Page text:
Album Review: SMITHEREENS by Joji
Written by Emilia Wisniewski
February 10, 2023
George Miller, better known by his stage name Joji, is a great talent. His underground 2015 project Chloe Burbank Vol. 1 showed that he had a lot to offer, but was also somewhat surprising considering his former raunchy persona “Filthy Frank” on YouTube. Although most of the tracks were demos and heavily sampled, it showed Miller’s knack for producing lof-fi beats that offered something new to the landscape.
Joji signed with record label 88rising in 2017 and soon released his first EP, In Tongues. The short project took the lo-fi elements from Chloe Burbank Vol. 1 but evolved it in a much more polished and soulful way. His subsequent projects—BALLADS 1 in 2018 and his first album Nectar in 2020—carried this established sound in all kinds of directions, delving into R&B, trap, and pop.
Though, Joji’s projects haven’t been perfect. His long lasting flaws, unfortunately, cannot be more apparent in his newest project SMITHEREENS released on November 4. Although there are gorgeous highlights on this album, the short run time, lackluster lyricism, and the overall unfinished feeling of the whole project leaves a lot to be desired.
SMITHEREENS opens up with the leading single—arguably the best track Joji has released so far—“Glimpse of Us” that takes the listener through the feeling of longing for an ex partner, while in a relationship with someone else. It’s a novel topic to write a song about and Joji does it in a way that is very emotionally moving. Piano is the only instrument used in the track, but the variation it provides from the verses to the chorus strings the listener on a journey through the nearly four-minute piece, with the bridge being a memorable highlight.
“Feeling Like The End” comes afterwards and its elements differ greatly from the previous track, but it’s a great diversion no less. A mostly electronic beat, the song introduces another side to the project that still follows the melancholic subject matter of past relationships. The track’s instrumental is definitely its strong suit, as Joji’s lyrics are basic and the song’s runtime is unexpectedly short. More could have been done with the song, but it is still pretty solid.
Another highlight on the project, “Die For You”, is dreamy and stellar. It brings both instrumental features of the last two tracks into this well-produced single that is now easily a highlight in Joji’s discography. The track has a lot of variation throughout and is one of the songs that showcases Joji’s vocal development. Perhaps more apparent in his previous songs like “Run”, it’s important to note how far he has come sonically since 2015, or even since In Tongues. “Die For You” definitely deserves the love it has been receiving.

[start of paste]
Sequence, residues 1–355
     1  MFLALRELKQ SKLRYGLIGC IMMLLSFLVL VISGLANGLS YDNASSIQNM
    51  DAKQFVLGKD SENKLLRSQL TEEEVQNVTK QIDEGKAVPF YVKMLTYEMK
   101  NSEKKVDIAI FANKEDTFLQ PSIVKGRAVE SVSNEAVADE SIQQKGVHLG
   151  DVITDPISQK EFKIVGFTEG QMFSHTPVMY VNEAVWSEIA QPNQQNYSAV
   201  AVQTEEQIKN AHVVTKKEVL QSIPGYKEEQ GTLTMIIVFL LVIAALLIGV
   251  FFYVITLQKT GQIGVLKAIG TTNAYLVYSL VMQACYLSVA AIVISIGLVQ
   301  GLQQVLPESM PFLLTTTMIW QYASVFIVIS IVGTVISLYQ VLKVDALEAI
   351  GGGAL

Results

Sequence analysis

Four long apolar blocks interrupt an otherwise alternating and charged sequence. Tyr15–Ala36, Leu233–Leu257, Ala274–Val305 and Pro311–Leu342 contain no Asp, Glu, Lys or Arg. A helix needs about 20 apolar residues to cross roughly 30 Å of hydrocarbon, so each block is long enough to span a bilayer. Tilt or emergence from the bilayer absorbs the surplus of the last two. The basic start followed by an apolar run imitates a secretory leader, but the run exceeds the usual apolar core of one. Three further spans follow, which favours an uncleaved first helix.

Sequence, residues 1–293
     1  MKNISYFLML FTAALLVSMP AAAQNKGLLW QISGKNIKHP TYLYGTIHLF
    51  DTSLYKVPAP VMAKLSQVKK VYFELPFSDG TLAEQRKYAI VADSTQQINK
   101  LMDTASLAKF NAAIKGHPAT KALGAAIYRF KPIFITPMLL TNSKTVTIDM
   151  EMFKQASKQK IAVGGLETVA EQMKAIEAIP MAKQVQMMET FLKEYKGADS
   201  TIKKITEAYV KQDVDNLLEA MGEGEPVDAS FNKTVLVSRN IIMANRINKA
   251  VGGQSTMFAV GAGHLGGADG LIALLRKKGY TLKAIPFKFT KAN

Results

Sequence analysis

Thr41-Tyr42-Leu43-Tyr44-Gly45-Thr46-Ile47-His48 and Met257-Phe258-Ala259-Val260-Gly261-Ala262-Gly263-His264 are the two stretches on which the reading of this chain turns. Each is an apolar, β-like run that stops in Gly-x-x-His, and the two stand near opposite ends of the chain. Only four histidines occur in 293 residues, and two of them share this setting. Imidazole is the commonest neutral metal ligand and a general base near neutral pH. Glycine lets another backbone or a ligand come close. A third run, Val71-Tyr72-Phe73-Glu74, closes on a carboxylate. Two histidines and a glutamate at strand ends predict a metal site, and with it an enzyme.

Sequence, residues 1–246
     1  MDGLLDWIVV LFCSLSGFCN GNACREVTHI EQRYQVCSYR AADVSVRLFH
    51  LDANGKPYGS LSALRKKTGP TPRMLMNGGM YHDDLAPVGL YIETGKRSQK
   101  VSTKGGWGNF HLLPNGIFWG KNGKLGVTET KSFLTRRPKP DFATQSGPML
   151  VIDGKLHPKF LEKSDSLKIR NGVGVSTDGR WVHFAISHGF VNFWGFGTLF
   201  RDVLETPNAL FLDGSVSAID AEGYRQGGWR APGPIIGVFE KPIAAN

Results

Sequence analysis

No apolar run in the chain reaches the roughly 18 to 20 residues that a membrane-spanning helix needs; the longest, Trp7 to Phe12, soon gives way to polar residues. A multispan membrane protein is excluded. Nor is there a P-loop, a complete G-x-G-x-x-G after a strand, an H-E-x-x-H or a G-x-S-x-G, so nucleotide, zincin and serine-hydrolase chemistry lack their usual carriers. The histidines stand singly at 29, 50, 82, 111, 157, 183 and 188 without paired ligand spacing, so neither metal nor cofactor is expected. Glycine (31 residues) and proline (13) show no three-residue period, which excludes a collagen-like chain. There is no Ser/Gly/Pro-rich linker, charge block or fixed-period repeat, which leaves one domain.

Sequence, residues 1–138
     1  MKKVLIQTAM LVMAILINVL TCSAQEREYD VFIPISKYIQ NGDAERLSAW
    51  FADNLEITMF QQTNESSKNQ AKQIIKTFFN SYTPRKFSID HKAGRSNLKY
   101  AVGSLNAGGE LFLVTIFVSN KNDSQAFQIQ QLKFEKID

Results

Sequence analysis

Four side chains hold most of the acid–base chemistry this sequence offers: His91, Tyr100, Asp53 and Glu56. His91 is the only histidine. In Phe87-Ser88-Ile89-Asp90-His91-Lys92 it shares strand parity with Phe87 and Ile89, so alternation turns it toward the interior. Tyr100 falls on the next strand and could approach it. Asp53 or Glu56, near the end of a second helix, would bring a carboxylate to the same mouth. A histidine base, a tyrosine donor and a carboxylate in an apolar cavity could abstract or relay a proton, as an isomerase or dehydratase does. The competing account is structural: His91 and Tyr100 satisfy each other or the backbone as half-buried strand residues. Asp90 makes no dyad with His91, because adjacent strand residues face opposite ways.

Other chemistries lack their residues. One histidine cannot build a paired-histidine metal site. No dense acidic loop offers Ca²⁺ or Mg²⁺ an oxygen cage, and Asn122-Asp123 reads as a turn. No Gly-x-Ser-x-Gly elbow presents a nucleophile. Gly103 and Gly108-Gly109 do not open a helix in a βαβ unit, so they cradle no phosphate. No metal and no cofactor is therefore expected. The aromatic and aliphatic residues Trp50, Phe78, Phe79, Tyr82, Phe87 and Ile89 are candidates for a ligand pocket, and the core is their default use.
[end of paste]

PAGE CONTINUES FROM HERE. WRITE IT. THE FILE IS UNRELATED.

“Before The Day Is Over” doesn’t reveal anything that listeners haven’t already heard. It’s pretty and pensive, but the song does not have a lot to note. Though, its back half diverts from the piano into a trap breakdown which provides some nice differentiation. The track runs for three and a half minutes but it still feels like one of the more underdeveloped songs on the project.
But when the project started to feel one-note, “Dissolve” came in with a guitar instrumental and auto-tuned vocals. The combination of both of those elements does not mesh super well together, as it could have felt more heart-felt if Joji had his raw vocals on the track, it’s overall a refreshing track that still has the heartbreak theme attached to it.
The album really takes a turn, however, when “NIGHT RIDER” comes afterward. It begins with a very bass- and trap-heavy instrumental that is reminiscent of most tracks off BALLADS 1. It’s an unexpected diversion from what the last five songs have built up and shows Joji’s trying to do a lot at once, which does not bode well for this very short project.
“BLAHBLAHBLAH DEMO” matches the energy presented in the last track, with a more upbeat melody, and introduces some interesting instrumentation, but it does not fit well into the project. Even with the switch, the track would have been better suited on another project.
While having interludes on such a succinct album seems ill fitting, “YUKON (INTERLUDE)” can be excused for how hard-hitting it is. The second single from the project, Joji’s vocals dance with the instrumental in a way that has not happened on the album yet. It is the outstanding track from the latter half of the album.
Ending with just over 24 minutes, “1AM FREESTYLE” is a fine track that closes SMITHEREENS. It blends sounds from both halves of the project into this final song, and it is a track that does grow with each listen, especially with how the project seems to go all over the place.
An album’s impression on a listener depends on not only how each track performs individually, but also how those tracks interact with each other. Singles that are great on their own perform differently when compared to the surrounding tracks on the album it's from. While it's obvious some of Joji’s tracks from SMITHEREENS will transcend beyond the project, a lot of it will most likely be forgotten about.
Online, the project had a lot of mixed reviews. Some critics, like
Medium, complain of the short runtime and unfinished nature while others such as Clash Magazine praise the lo-fi ambience and different elements each track brings.
Joji is a great talent. He can produce great instrumentals that stick with a listener for a long time. SMITHEREENS, as lackluster as it turned out to be, was the last project Joji produced under 88rising. This could be great for the artist; with rumors that the label did not treat him well and put a lot of restrictions on him, fans could hear a whole new side to Joji in the near future.